Critical Analysis of SB 770

An analysis of SB 770, a multi-payer, anti-single-payer bill

The term, “Unified Health Care Financing” is used 15 times, including the title of the bill. “Single-payer” is mentioned once after “including among other options”:

Assembly Committee on Appropriations Analysis:

SB 770 is NOT a single-payer bill. Instead of actual single-payer policy, it proposes that California hold more discussions and more study of the waiver process, via an unelected “Workgroup” of appointees of the Governor, Assembly Speaker, and Senate President Pro Tem. Not only would this duplicate work already accomplished by the Healthy California for All Commission, work which took 2 1⁄2 years and was completed only last year in 2022, SB 770 would do this duplicative work in the dark, without the public hearings the prior Commission held, and with unaccountable political appointees.

SB 770 is NOT a single-payer bill. In fact, SB 770 contravenes federal statute on the consolidated waiver process that permits states to roll federal funds into a state single-payer trust fund. The Affordable Care Act’s Section 1332 “State Innovation Waiver” is clear that states cannot conduct any lawfully actionable negotiations with or apply for consolidated waivers from the federal government without first enacting actual health care legislation, such as state-level single-payer. Section 1332 even requires that a copy of the enacted health care legislation be attached to the waiver application. (There are waivers other than Section 1332, but 1332 is the only one that is comprehensive enough to cover single-payer reform.)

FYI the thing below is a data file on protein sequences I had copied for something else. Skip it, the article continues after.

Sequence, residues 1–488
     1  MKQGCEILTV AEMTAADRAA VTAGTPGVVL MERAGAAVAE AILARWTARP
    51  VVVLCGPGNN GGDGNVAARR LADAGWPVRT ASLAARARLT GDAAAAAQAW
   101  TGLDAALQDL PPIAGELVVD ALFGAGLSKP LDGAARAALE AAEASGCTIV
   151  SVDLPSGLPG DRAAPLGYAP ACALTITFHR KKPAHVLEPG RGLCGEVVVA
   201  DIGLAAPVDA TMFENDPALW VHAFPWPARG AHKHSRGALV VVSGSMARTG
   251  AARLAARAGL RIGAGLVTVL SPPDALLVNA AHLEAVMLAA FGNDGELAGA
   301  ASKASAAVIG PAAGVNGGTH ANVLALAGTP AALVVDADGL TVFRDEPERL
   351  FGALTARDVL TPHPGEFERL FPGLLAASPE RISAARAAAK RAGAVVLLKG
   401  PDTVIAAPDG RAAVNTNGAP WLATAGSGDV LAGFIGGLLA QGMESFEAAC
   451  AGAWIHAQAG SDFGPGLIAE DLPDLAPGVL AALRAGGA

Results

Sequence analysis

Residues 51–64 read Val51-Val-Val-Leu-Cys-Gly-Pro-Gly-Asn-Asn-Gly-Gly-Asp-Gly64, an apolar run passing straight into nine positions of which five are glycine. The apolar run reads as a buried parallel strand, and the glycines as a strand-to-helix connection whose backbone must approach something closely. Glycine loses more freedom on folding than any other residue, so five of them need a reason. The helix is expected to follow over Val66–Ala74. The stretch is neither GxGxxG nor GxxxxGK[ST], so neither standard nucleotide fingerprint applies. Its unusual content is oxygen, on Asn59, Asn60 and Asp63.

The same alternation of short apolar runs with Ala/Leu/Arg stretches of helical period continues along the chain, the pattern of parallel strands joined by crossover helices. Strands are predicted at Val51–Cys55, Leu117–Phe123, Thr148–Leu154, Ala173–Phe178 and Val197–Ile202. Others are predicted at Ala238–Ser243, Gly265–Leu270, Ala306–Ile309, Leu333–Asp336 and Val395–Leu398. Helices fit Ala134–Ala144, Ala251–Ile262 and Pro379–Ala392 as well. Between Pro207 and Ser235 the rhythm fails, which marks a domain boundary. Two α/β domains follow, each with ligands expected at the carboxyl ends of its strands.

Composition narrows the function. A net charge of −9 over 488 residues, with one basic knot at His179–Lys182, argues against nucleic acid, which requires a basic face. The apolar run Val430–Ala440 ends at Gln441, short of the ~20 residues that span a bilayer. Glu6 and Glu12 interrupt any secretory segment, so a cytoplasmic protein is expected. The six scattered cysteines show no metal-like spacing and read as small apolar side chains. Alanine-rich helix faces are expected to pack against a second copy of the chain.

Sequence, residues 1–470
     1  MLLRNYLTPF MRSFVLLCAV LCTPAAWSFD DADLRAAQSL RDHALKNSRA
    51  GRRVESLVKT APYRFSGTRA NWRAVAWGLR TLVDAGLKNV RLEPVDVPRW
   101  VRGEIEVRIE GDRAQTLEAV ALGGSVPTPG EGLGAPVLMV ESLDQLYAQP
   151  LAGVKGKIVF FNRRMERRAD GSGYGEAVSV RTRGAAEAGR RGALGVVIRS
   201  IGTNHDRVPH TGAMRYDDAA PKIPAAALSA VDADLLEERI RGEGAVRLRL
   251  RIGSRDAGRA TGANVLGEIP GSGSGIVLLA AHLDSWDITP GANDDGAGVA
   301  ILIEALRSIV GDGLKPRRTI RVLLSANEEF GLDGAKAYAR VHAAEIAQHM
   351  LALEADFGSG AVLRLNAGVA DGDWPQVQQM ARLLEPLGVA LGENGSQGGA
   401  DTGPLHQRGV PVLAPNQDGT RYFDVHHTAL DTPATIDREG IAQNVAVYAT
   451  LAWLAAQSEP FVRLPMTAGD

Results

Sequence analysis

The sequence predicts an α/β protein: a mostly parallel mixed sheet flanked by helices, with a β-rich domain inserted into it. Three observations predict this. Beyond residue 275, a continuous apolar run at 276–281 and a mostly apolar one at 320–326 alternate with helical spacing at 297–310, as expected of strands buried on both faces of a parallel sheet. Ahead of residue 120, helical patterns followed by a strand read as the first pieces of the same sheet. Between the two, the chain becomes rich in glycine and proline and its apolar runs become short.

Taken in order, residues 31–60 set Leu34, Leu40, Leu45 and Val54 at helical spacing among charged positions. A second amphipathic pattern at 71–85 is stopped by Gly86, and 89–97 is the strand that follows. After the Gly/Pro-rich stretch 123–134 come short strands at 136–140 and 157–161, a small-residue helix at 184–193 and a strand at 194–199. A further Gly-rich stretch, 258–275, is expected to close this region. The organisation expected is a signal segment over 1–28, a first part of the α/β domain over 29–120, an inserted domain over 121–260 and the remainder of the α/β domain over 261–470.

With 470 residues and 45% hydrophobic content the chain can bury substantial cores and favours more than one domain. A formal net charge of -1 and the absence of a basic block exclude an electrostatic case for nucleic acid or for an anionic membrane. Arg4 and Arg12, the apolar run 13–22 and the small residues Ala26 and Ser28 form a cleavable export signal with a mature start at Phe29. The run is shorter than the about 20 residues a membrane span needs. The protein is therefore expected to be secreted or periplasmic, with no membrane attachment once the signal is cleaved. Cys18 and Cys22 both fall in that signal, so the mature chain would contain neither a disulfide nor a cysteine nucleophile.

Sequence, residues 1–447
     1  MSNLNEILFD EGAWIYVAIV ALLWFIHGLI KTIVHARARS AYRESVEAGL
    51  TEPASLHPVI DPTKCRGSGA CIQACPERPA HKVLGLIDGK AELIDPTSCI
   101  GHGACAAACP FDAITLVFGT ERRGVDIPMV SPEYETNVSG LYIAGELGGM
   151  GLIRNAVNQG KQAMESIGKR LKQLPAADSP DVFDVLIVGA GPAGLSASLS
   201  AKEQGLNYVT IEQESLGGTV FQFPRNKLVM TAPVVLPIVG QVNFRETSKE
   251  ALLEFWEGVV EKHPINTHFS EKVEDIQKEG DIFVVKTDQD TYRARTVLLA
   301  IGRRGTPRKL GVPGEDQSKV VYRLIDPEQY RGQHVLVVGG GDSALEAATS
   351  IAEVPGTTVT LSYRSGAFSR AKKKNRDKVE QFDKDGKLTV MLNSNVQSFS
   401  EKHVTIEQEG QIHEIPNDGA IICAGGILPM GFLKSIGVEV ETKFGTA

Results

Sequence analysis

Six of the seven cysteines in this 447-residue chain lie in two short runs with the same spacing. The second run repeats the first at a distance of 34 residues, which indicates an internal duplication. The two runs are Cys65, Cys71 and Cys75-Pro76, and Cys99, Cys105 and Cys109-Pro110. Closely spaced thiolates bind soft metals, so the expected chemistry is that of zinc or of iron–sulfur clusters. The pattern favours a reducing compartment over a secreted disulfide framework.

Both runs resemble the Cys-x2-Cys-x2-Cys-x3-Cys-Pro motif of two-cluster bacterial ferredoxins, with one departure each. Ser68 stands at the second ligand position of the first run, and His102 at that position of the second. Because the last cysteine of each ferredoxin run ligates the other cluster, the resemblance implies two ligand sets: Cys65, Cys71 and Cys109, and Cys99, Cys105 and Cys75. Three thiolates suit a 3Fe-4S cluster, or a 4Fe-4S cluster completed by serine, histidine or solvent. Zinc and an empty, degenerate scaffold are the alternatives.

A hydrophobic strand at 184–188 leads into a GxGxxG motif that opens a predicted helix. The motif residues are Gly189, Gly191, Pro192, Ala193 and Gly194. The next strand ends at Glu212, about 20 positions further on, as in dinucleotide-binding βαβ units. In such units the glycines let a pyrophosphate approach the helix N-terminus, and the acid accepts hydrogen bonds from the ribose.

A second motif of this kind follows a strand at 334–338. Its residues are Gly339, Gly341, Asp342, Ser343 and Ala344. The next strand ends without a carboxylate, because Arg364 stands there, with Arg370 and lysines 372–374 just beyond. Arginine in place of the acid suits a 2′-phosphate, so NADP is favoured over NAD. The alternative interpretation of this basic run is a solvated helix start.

Watch Single-Payer CalCare advocates being gaslit by proponents of multi-payer, “Unified Financing” in the CA Committee on Health last year: HERE

Paragraph 1000.h of SB 770 also states that “discussions with the federal government” will be “regarding the terms of a potential waiver…” That is absurd. Waivers are exemptions from laws to fulfill specific policy. They are not “potential.” One can’t have waiver discussions “to effectuate the creation of a health care system,” as SB 770 proposes. One has waiver discussions with the federal government to seek exemptions to specific provisions in enacted legislation.

Since SB 770 fulfills none of the Section 1332 requirements while proposing fruitless discussions with federal authorities, one has to ask what would SB 770 actually do if it passes?

SB 770 sets up a reporting timeline that would provide cover for legislators to say they can’t vote for single-payer CalCare in May 2024 (when the successor bill to the placeholder AB 1690 must pass out of the Assembly to advance) because they have to wait for SB 770-mandated reporting about waivers due by June 1, 2024 or possibly as late as 2028.